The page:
Enjoy stylish new lodgings and restaurants after the curtain comes down

“So call the field to rest;
and let’s away,
To part the glories
of this happy day.”

When Octavius speaks those lines late in the evening ofNovember 3, the curtain will drop on Julius Caesar―and on theOregon Shakespeare Festival’s 2002 season, which won’t resume untilpreviews begin in late February 2003. But it’s the beginning of aspecial season in Ashland, when tourists are few and prices onlodging plummet to as little as half the high-season rate. It’swhen you can browse the shops and galleries unhurried, saunter intoyour favorite restaurant without a reservation, or slip-slide onthe town’s skating rink or ski slopes.

Shakespeare’s winter sabbatical leaves no void in localperforming arts. You can attend shows by the Artattack TheaterEnsemble (www.artattacktheater.com;541/282-9815), which stages classics and premieres new plays,or Oregon Cabaret Theatre’s annual holiday show (www.oregoncabaret.com;541/488-2902). For other ideas, go to Ashland Chamber ofCommerce’s website (see “New Lodging Choices”).

Excellent new eateries and accommodations have expanded thealready varied options. Consider a winter weekend in Ashland thisyear, or start planning your summer trip now; the 2003 festivalschedule should be posted on the Web by late November at www.osfashland.org (or call541/482-2111 to request a brochure).

New restaurants

Lela’s Bakery & Cafe. A charming bistro in Ashland’shistoric railroad district, Lela’s dishes out Tuscan pizzas,European pastries, and entrées inspired by many cuisines butcrafted with a French sensibility. Wed-Sat only. 258 A St.; (541) 482-1702.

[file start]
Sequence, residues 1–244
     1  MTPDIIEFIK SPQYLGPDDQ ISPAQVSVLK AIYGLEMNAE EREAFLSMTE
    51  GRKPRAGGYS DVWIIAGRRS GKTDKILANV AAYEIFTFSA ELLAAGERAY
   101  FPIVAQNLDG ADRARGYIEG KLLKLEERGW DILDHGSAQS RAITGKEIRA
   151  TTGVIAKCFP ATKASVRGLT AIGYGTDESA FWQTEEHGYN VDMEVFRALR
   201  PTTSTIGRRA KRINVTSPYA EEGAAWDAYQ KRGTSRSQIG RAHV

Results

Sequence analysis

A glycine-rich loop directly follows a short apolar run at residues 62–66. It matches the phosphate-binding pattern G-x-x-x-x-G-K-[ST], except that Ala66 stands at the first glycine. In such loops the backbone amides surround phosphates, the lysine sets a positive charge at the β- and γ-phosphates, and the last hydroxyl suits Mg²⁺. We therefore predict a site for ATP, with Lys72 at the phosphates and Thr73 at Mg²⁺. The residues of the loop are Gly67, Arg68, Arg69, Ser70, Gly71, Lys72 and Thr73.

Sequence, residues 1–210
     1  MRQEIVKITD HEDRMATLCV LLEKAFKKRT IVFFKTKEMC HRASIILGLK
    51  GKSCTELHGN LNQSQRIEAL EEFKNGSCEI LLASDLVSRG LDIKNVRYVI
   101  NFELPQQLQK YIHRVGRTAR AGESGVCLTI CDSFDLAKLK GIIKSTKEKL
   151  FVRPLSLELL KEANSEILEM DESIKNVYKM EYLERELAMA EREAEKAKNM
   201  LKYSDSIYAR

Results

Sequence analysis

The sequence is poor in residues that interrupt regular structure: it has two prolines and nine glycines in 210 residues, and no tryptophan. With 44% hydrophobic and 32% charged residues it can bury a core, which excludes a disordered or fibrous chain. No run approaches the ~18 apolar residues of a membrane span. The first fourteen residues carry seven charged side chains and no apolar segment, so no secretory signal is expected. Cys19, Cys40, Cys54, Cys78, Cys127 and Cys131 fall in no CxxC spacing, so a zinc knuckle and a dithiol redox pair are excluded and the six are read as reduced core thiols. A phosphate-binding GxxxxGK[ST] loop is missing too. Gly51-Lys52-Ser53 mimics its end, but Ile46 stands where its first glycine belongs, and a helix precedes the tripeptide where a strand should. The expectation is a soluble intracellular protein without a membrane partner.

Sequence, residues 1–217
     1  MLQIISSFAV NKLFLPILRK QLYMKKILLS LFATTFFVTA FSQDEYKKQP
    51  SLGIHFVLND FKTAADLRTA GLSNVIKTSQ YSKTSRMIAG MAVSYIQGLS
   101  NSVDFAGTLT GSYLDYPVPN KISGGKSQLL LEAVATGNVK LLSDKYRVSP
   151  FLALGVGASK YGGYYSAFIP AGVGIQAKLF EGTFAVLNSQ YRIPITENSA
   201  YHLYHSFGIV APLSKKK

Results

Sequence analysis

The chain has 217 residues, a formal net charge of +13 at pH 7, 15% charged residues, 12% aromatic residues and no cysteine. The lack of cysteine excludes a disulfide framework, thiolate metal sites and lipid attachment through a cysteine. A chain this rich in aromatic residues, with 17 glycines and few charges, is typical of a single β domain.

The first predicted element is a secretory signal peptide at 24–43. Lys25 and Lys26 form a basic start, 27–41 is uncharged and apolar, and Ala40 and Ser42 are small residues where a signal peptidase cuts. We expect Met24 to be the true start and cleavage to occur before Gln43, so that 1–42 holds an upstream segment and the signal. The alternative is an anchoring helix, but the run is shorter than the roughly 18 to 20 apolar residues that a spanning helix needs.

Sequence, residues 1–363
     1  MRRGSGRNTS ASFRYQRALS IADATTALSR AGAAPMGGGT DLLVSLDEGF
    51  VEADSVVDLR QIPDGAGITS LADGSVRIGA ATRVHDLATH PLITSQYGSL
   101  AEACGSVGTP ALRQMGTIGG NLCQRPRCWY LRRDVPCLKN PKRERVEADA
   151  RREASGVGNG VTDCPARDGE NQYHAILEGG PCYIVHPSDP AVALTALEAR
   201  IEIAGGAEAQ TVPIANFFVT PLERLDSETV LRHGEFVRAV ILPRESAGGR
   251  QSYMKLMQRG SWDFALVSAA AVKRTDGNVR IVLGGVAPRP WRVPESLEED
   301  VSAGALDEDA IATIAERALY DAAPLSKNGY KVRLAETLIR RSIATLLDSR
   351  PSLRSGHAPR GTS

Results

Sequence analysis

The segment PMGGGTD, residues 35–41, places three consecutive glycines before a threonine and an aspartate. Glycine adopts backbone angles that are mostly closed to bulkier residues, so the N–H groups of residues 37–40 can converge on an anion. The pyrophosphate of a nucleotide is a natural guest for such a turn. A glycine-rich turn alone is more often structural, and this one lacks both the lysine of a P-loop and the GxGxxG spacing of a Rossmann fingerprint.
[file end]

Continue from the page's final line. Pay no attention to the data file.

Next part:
Tabú. Sip sangria or a mojito while you graze on tapas,or choose among entrées spanning Spain and the Caribbean,including paella and a savory “drunken pintos” side dish. Daily. 76 N. Pioneer St.; (541) 482-3900.

New lodging choices

For more options, check with the Ashland Chamber of Commerce at (541) 482-3486 or www.ashlandchamber.com.

Ashland Creek Inn. The former Waterside Inn has beenrefurbished and now has the feel of an old European hostelry. Eachof seven suites has a private entrance and isindividually―and elegantly―decorated with original artand antiques. Winter packages include a day in the spa or cookingschool. From $100 ($195 high season). 70 Water St.; (541) 482-3315 or www.ashlandcreekinn.com

A Midsummer’s Dream. This 1901 Victorian B&B tucked intoa quiet hillside neighborhood barely a mile from downtown has fiveluxurious suites, each with fireplace and hot tub. From $140 (from$180 in high season). 496 Beach St.; (877) 376-8800, (541) 552-0605, or www.amidsummer.com

Plaza Inn & Suites at Ashland Creek. Posh four-story,91-room hotel is a short walk from the theater and is just abovethe creek. Enjoy amenities such as a menu of pillows and―inthe deluxe rooms―fireplaces or hot tubs. From $59 ($139 highseason). 98 Central Ave.; (888) 488-0358, (541) 488-8900, or www.plazainnashland.com

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